Archive for April, 2011

Past Perfect

Saturday, April 30th, 2011

Both The Janus Affair and Tumbling After are written in the present tense.  I like the immediacy of this tense – the fact that the reader gets to experience events as the character does, and that the character’s experience is not filtered through the lens of hindsight.  Plus I find writing in the past tense confusing.  The project I’m now working on (I’m still in such early stages that I find it hard to refer to it as a novel) is in the past tense and I find myself questioning just how past is past.  Just at the end of the day along the line of a daily diary?  Or with the benefit of many intervening years that inform the character’s view of distant events?  If the former, what’s the point other than a preference for a particular stylistic convention?  If the latter, I battle an inclination to reveal too much too soon and dissipate the tension.  All part of the fun of early days, I guess.

The First Time

Friday, April 15th, 2011

I have noticed that sometimes actors have their best performances during the first cold reading of the part.  That may be during the audition itself or when the cast first gets together to read the play in its entirety.  In other words, early days.  So why is it downhill from there?  Of course, the hill need not be steep and there are many, many truly impressive performances even after the umpteenth show, but surely, in general, one would expect to see a marked improvement with all those rehearsals, the studying of the part, the immersing in the character, the adoptions of accents, limps, character specific hand gestures, and so on.  And maybe it does get better.  Maybe it’s just me.  Maybe I’m the one whose views are overly influenced by the excitement of having actors say out loud words that before existed only on paper.  But I’m not convinced.  Not in all cases at any rate.  I think part of it is that actors, like most of us but even more so, are capable of being moved by words, and when they first read certain words that speak to them as a character that emotion is genuine and, so, manifest.  The second or third or five hundredth time they perform those same words, well that’s just acting.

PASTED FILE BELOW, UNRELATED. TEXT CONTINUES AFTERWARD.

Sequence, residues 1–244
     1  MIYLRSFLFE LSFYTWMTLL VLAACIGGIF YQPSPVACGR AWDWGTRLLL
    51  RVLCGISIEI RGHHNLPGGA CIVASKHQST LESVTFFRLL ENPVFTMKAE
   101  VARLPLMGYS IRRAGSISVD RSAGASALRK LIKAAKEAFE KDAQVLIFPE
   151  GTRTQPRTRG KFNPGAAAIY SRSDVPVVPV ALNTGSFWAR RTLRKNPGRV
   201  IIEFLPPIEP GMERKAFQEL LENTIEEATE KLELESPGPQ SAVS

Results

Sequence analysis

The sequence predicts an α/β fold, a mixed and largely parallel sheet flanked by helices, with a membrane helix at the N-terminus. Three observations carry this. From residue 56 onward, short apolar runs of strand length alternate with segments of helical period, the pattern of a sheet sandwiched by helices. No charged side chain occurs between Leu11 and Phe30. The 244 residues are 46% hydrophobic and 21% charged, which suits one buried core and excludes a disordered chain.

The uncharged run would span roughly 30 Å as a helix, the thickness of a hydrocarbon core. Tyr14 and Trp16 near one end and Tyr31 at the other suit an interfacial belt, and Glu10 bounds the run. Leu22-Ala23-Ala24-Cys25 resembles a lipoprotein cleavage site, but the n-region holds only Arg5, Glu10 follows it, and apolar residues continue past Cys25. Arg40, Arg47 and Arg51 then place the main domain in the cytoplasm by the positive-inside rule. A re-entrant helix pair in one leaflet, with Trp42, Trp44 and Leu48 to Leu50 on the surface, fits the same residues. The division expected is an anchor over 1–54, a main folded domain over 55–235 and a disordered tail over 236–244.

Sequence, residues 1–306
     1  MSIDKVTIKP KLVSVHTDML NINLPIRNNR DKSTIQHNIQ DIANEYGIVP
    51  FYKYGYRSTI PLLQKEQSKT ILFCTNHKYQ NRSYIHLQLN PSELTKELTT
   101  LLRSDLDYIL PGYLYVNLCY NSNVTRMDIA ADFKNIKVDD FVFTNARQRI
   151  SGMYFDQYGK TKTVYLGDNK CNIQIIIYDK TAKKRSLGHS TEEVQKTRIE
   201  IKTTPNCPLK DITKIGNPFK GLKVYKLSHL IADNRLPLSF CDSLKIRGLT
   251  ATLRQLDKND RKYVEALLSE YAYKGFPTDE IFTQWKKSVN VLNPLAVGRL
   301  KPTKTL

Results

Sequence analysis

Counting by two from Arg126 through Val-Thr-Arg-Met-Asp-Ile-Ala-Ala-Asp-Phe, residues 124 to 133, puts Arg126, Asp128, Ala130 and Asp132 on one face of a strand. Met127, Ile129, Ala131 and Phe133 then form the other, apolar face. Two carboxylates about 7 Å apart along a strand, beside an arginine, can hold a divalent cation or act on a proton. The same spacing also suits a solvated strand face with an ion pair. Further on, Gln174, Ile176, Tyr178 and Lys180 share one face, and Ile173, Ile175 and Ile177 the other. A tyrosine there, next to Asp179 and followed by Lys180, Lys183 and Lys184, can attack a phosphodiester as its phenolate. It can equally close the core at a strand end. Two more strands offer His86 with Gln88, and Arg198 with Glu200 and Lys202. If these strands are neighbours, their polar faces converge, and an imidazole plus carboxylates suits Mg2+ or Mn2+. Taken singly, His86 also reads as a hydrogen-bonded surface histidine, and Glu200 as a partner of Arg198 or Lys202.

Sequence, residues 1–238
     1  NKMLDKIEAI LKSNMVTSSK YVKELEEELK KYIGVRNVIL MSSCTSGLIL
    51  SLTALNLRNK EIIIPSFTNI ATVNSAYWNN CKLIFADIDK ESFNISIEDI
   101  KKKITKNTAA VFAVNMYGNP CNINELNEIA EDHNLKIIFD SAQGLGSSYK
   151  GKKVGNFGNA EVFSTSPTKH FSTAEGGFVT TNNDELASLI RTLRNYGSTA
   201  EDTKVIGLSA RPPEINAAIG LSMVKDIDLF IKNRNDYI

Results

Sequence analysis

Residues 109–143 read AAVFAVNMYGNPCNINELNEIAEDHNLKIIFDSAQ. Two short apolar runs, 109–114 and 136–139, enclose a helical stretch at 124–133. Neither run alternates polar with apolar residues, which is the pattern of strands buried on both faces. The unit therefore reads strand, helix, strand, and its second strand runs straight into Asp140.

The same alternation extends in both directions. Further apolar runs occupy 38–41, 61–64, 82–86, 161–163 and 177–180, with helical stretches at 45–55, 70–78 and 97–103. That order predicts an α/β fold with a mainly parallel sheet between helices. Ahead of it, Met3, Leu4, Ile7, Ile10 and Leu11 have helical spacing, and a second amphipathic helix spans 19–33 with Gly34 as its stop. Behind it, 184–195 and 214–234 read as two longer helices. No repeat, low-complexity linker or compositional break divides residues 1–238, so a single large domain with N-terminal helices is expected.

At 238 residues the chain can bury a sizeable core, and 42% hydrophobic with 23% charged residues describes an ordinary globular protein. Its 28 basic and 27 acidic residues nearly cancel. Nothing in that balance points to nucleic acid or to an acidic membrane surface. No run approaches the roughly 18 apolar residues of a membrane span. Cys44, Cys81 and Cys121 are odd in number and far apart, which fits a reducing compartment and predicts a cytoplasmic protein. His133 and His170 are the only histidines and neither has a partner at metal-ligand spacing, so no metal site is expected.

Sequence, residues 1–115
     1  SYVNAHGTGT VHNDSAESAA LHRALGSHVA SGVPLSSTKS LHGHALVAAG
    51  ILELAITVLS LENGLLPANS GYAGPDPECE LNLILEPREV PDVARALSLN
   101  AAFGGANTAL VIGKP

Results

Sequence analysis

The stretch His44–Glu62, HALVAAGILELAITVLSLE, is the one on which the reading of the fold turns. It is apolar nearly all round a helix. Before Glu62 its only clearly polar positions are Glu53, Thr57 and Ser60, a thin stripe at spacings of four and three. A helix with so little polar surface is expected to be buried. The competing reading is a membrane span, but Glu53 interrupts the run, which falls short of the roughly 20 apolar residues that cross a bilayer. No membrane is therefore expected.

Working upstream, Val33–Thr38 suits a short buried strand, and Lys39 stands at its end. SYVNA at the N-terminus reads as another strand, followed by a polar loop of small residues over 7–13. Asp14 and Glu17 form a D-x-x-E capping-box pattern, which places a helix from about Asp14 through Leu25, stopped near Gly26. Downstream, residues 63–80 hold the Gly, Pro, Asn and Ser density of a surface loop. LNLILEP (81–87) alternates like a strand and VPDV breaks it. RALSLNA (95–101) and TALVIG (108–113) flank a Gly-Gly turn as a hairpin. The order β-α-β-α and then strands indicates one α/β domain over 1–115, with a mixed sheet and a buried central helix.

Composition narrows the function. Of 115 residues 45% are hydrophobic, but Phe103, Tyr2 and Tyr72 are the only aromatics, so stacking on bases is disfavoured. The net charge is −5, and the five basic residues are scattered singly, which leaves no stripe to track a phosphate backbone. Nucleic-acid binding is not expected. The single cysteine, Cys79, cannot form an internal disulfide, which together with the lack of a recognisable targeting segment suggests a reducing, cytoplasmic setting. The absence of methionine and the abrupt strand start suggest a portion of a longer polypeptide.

Books That Transform

Saturday, April 9th, 2011

As part of Keep Toronto Reading, Jen Knoch has pulled together a bunch of people to speak of a book that made a difference in their lives.  My choice, Darkness at Noon by Arthur Koestler, was featured this past Friday.  Check out the video at and Jen’s website with all sorts of great (or at least interesting) picks at

Much thanks to Angela Lin for her directing expertise in pulling the video together!

Lessons Learned: Specifics versus Details

Friday, April 1st, 2011

In the movie, The Door in the Floor (based on the novel A Widow for one Year by John Irving), the character played by Jeff Bridges, a writer, instructs a young writer-wannabe on how to use specifics by including his son’s shoe type when describing his death.  Without question, specifics will help bring a story to life.  A widely-understood and, for good reason, a widely-held view.  But sometimes there can be a fine line between specifics that enliven a story and details that weigh it down.  Details that you might call … hmm, let’s see … boring. 

Both my novels are written in the present tense.  Whether it is this or some other cause, but I can get preoccupied with, “Well, if it’s Wednesday and this happened Monday, then what happened Tuesday?” or “Did she have enough time to drive to Hamilton?”  Generally, that type of preoccupation is not bad, particularly when writing something with an element of mystery – most readers won’t tolerate realizing that character X couldn’t possibly have taken the money because they couldn’t possibly have driven to Hamilton in that time.  HOWEVER, just because you as the writer have assured that there was indeed time because character X went on Tuesday and not on Wednesday, telling the reader about an otherwise uneventful Tuesday could fall into the boring detail category no matter how many specifics you stick in there.  For this lesson, I am grateful to Joan Barfoot.